Reality itself leads to the downfall of Gatsby's dream. What he dreamed of was ultimately unattainable.
Gatsby's dream was not merely to reunite with Daisy. He wanted to erase the last five years and go back to the moment in 1917 when they were in love with each other. He wanted to start over as if nothing had happened in the meantime.
However, as Nick tries to explain to him, that's not possible. There is no going back. Too much has happened in between. Daisy has married and had a child. She's built a life separate from Gatsby. Gatsby may refuse to hear this, but it is nevertheless true.
In the end, one person can't be forced to fulfill another's fantasies. Daisy can't become what Gatsby wants. As we watch him struggle with his dream slipping away (something he never accepts), we come to realize that it was the dream itself, more than Daisy, that kept Gatsby going.
On a more practical plot level, Tom interferes with the dream. He too has a stake in how events unfold. He too wants Daisy as his wife. He has a hold on her, for they have been married for five years and have knit together as a couple, even if unhappily. Daisy doesn't necessarily want to break up the life they've built. Tom is also aggressive and brutal, and he undermines Gatsby in front of Daisy as a con man, a criminal, and a non-Nordic. He knows how to play on Daisy's emotions and how to win this battle.
The dream was doomed before the car accident: that incident simply hastened the end.
Jay Gatsby's dream was the quintessential American dream - success (money and riches) through whatever means one deems necessary. In this case, Gatsby began a penniless but determined to make his life better than that of his parents:
"His parents were shiftless and unsuccessful farm people - his imagination had never really accepted them as his parents at all. The truth was that Jay Gatsby, of West Egg, Long Island, sprang from his Platonic conception of himself" (104).
To him, his parents were unsuccessful and surely they could not really be his parents when he was destined or greater things. Through bootlegging, Gatsby made his riches. He became well-known and people came to his house every weekend for huge elaborate parties.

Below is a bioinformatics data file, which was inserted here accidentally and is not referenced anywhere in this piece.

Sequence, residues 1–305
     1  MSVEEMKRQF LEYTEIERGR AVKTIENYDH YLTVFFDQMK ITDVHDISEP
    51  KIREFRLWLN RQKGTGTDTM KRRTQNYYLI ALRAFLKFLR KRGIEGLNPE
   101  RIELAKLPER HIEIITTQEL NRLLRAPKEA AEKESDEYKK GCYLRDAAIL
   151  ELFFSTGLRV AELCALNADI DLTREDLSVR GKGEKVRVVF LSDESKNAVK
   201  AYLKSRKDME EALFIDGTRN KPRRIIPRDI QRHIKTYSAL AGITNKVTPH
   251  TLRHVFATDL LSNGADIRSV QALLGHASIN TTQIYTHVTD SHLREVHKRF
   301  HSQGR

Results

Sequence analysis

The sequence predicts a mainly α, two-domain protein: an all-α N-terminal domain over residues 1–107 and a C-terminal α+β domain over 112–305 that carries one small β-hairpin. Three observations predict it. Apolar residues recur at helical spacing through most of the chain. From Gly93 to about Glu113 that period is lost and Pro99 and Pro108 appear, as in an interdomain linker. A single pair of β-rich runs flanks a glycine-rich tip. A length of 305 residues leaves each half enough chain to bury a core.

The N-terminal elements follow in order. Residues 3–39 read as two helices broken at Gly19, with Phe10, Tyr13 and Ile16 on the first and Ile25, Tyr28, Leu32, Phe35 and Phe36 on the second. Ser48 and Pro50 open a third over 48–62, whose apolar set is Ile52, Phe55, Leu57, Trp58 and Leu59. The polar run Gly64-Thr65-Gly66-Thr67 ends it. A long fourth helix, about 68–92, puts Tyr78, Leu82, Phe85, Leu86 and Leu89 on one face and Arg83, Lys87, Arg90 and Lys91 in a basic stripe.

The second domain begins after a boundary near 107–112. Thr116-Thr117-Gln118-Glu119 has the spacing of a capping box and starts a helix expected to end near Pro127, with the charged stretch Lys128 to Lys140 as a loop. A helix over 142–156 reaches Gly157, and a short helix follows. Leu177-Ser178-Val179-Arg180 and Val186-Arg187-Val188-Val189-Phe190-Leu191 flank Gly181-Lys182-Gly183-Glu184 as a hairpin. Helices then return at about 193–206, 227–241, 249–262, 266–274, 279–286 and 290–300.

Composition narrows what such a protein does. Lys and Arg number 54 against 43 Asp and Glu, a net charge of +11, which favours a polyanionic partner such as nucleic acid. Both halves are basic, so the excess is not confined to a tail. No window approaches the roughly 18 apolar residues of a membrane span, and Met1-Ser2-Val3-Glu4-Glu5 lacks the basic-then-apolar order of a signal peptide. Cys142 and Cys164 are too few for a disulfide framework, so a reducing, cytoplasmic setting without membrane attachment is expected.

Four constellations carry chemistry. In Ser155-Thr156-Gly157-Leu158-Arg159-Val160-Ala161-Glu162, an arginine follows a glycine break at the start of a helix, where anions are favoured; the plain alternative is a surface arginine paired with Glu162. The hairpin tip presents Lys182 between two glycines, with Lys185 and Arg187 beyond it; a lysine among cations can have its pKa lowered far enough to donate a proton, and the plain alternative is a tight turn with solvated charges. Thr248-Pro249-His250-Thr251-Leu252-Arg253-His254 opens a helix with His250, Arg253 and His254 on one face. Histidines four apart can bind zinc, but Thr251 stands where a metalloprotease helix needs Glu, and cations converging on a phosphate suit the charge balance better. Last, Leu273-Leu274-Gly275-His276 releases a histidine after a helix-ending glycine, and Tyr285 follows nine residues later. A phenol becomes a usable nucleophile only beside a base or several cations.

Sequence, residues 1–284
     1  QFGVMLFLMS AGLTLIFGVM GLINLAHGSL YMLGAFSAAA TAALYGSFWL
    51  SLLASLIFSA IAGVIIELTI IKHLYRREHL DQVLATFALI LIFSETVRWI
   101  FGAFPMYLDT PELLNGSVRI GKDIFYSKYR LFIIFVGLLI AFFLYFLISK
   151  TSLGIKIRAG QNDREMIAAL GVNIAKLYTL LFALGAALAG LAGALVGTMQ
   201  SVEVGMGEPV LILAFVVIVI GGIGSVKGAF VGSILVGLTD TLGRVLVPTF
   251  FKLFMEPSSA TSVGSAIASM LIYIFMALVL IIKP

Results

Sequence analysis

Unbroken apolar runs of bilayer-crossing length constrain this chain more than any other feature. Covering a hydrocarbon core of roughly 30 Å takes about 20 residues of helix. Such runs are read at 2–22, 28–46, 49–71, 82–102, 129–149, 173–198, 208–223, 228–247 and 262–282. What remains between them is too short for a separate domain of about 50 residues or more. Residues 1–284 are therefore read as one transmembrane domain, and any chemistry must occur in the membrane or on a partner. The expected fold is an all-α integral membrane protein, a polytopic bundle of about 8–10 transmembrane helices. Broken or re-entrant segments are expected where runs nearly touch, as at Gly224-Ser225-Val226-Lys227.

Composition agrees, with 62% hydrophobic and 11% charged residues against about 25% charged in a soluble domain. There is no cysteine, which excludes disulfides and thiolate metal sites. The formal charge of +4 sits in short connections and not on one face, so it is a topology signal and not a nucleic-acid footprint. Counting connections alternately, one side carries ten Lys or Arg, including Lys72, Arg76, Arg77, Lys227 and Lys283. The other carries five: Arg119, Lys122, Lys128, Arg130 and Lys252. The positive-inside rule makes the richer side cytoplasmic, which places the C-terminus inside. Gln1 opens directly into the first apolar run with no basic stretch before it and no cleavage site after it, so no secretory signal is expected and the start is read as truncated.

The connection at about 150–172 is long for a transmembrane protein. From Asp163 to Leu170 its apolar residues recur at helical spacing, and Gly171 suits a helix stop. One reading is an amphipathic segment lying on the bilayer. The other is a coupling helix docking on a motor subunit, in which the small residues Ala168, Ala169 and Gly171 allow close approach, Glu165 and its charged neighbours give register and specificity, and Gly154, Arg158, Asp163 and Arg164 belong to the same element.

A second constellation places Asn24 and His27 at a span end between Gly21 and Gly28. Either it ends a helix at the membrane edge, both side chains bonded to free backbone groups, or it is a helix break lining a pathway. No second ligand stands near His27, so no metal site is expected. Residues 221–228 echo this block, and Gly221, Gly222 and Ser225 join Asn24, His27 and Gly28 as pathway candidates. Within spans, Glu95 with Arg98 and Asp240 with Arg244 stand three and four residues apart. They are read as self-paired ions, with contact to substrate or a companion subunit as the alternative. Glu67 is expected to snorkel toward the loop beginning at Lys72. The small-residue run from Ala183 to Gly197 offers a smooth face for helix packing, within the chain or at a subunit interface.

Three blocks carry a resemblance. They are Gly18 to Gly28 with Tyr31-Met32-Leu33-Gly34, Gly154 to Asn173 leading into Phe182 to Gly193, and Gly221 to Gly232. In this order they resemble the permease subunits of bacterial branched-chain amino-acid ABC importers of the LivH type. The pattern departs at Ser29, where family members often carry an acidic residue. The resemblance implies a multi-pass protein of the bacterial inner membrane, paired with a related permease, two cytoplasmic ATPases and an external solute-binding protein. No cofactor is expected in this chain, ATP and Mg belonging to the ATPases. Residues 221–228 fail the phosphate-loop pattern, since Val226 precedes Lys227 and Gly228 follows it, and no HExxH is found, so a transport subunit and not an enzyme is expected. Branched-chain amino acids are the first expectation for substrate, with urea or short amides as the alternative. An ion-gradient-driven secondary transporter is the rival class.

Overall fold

But, Gatsby's downfall was this exact same thing - success through whatever means one deems necessary. He did not honestly earn the money, and he spent his life trying to cover up lies and make himself seem great. Daisy was the one part of his American dream that he did not yet have, but fter Tom and Gatsby have their great argument in the city, Gatsby is sure he has just snagged her. However, Gatsby's penchant to lie about everything is his ultimate downfall. He lies about who was driving the car, which means that Tom is willing to tell Wilson that the car belongs to Gatsby. And just like that, Daisy escapes without punishment - and she still has a man - but Gatsby has lost everything.
After his death, we see the downfall and destruction of his American dream. His unsavory work-friends refuse to get 'mixed-up' in his death. The people who came to his parties were people that he did not actually know and they did not come to the funeral. Tom and Daisy left town after it happened, so the girl Gatsby wanted did not even come to the funeral. The only person who did come was Gatsby's father, a man whom Gatsby despaired of because he was poor and nonrepresentational of the American Dream.
Dishonesty is the downfall of Gatsby's American Dream, as it is the destruction of everyone else's - except Nick's - dreams as well. After all, as Nick stated in chapter 3:
"I am one of the few honest people that I have ever known" (p. 64)